It is reminded of its destination.

    The ocean, that?s what I am looking for!

    The river is simple. All it understands is its nature to flow, and in complete faith it flows. With the banks as two guidelines it tries to reach out to whoever and whatever comes by.

    An oneness and openness to receive and give is it nature. It is so sure of it.

    There?s a constant knowing of its nature which keeps it focussed on its goal. An excitement of reaching the ocean and merging with it, but it does not let this excitement lessen its scripted journey.

    ?The journey is the destination? it reminds itself and continues with renewed enthusiasm and fervour. 

     About Dr. Bina Nangia

    Dr. Nangia currently works with special kids. This is her calling and she has been working in this field for 20 years.

    A grandmother of two boys, Dr. Nangia has been practising yoga since her younger days. Her keen interest in spirituality over many years has got her in touch with many masters. They have contributed to her growth tremendously. She shares her thoughts in magazines and newspaper articles.

    Dr. Nangia is the author of Dyslexia Decoded, a handbook for special educators, which was recently published by Penguin and Hayhouse.

    She shares her experiences about special education on various social networking sites, and is a trained therapist and family networker.

    Dr. Nangia lives in Delhi, India. 

     

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    Related posts:
    1. How to Relax Your Mind | Tao Te Ching on Having Peace of Mind
    2. Surrender and Letting Go: Why ‘Ananda’ is the True Happiness
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  • Does the Media Image of Yoga Stop People From Giving it a Go?

    Does the Media Image of Yoga Stop People From Giving it a Go?

    Our popular contributor Kara-Leah has written her second book, The No-More-Excuses Guide to Yoga. Pre-sales have just started, and you're invited to be involved. Read more below.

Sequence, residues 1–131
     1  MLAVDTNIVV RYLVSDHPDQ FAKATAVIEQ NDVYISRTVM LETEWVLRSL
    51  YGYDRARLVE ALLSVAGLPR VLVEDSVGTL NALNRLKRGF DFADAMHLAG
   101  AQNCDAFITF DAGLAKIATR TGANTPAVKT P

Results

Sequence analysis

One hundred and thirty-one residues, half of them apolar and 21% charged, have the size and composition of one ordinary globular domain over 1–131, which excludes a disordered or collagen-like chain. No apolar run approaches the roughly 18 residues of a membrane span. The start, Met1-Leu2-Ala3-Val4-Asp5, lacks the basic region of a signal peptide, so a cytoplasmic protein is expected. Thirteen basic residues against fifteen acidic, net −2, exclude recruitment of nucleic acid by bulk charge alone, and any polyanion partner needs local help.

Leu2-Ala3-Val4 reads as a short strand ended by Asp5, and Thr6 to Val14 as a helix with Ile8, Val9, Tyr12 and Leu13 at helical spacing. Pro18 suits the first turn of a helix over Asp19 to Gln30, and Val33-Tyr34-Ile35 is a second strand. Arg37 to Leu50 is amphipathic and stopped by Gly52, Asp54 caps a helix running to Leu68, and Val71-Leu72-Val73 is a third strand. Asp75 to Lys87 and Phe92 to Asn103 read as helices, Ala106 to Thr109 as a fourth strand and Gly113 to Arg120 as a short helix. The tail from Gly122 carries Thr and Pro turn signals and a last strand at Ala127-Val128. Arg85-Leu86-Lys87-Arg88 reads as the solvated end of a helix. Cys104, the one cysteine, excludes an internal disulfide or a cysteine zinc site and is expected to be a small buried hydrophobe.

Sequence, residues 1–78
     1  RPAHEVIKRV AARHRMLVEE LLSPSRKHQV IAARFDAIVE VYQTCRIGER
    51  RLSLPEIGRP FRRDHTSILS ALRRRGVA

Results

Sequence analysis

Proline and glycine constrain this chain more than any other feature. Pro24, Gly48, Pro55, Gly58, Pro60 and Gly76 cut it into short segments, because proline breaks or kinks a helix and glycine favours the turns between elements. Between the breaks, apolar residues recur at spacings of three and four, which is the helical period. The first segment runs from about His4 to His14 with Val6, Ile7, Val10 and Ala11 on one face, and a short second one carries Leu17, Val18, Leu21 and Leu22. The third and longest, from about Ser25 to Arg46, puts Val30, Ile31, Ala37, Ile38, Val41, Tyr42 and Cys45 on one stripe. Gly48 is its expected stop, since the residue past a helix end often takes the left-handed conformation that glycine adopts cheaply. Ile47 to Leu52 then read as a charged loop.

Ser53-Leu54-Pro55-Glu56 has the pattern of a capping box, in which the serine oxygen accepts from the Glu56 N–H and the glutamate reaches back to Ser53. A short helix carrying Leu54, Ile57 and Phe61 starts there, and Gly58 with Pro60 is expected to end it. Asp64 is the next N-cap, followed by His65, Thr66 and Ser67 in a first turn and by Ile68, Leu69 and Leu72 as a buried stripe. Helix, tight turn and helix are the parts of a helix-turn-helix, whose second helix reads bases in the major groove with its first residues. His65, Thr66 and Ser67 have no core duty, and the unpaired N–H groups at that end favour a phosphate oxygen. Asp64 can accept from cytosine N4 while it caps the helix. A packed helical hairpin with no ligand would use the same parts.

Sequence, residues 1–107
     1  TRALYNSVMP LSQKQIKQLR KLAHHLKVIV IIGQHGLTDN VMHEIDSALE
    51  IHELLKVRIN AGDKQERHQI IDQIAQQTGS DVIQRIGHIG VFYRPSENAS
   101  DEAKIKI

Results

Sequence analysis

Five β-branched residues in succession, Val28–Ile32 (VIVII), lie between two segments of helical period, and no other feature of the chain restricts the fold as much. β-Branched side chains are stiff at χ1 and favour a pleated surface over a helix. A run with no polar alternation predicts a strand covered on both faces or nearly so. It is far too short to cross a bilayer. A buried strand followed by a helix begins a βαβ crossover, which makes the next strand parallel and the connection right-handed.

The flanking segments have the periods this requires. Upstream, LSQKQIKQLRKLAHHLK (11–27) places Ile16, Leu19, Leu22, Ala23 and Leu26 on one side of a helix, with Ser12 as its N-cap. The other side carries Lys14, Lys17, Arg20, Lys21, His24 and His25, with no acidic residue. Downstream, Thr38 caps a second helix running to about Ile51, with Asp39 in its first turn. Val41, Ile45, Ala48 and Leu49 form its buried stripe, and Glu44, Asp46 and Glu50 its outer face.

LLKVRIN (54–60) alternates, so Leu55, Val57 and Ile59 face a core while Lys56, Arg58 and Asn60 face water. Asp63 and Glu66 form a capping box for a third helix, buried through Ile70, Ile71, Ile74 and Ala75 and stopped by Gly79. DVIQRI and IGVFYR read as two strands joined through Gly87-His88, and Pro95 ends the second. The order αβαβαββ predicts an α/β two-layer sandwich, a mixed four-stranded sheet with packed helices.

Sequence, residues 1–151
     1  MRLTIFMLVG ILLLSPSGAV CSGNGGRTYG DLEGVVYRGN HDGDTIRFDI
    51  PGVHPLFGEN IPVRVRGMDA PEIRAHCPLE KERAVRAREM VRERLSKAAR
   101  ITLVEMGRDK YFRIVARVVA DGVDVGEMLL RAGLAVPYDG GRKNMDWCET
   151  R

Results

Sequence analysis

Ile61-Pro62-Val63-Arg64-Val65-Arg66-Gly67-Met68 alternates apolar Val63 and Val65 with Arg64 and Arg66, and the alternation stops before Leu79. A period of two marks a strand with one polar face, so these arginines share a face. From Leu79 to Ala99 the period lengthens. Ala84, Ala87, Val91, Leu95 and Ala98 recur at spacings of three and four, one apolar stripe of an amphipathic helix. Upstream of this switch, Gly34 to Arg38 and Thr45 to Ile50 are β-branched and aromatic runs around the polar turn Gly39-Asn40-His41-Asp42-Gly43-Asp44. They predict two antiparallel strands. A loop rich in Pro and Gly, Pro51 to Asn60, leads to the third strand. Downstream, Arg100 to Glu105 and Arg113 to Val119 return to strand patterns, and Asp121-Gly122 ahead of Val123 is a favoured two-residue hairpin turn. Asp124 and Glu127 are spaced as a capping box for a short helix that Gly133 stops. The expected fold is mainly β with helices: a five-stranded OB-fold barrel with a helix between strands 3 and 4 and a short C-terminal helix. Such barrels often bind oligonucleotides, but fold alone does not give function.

by Kara-Leah Grant, author of The No-More-Excuses Guide to Yoga

    I'm in Auckland, New Zealand back in 1995, which seems a long, long time ago.

    I've dropped out of my second year at University - ostensibly because my back issues and serious sciatic pain made sitting for lectures impossible , but there were other, deeper reasons too. (i.e. my habitual response when facing serious challenge ? run!)

    Regardless, I was in chronic back pain and a good friend suggested we go and do a ten week beginners Iyengar yoga course that his friend was teaching.

    Now this was before the internet, before yoga selfies, maybe even before Yoga Journal had found it?s way to New Zealand.

    I have no recollection what-so-ever of knowing what yoga was, or what it looked like. I can?t remember even having seen a yoga posture.

    Certainly there was no great wealth of resources freely available like you'll find here on Anmol's website. 

    All I knew was that I was in pain, I could barely move, I had serious flexibility issues and my friend seemed to think that yog might help - whatever this yoga thing was.

    I turned up, and despite my limited range of mobility and pain, was well-looked after and supported into postures with multiple props. (Iyengar Yoga can be a great foundation for beginner yogis).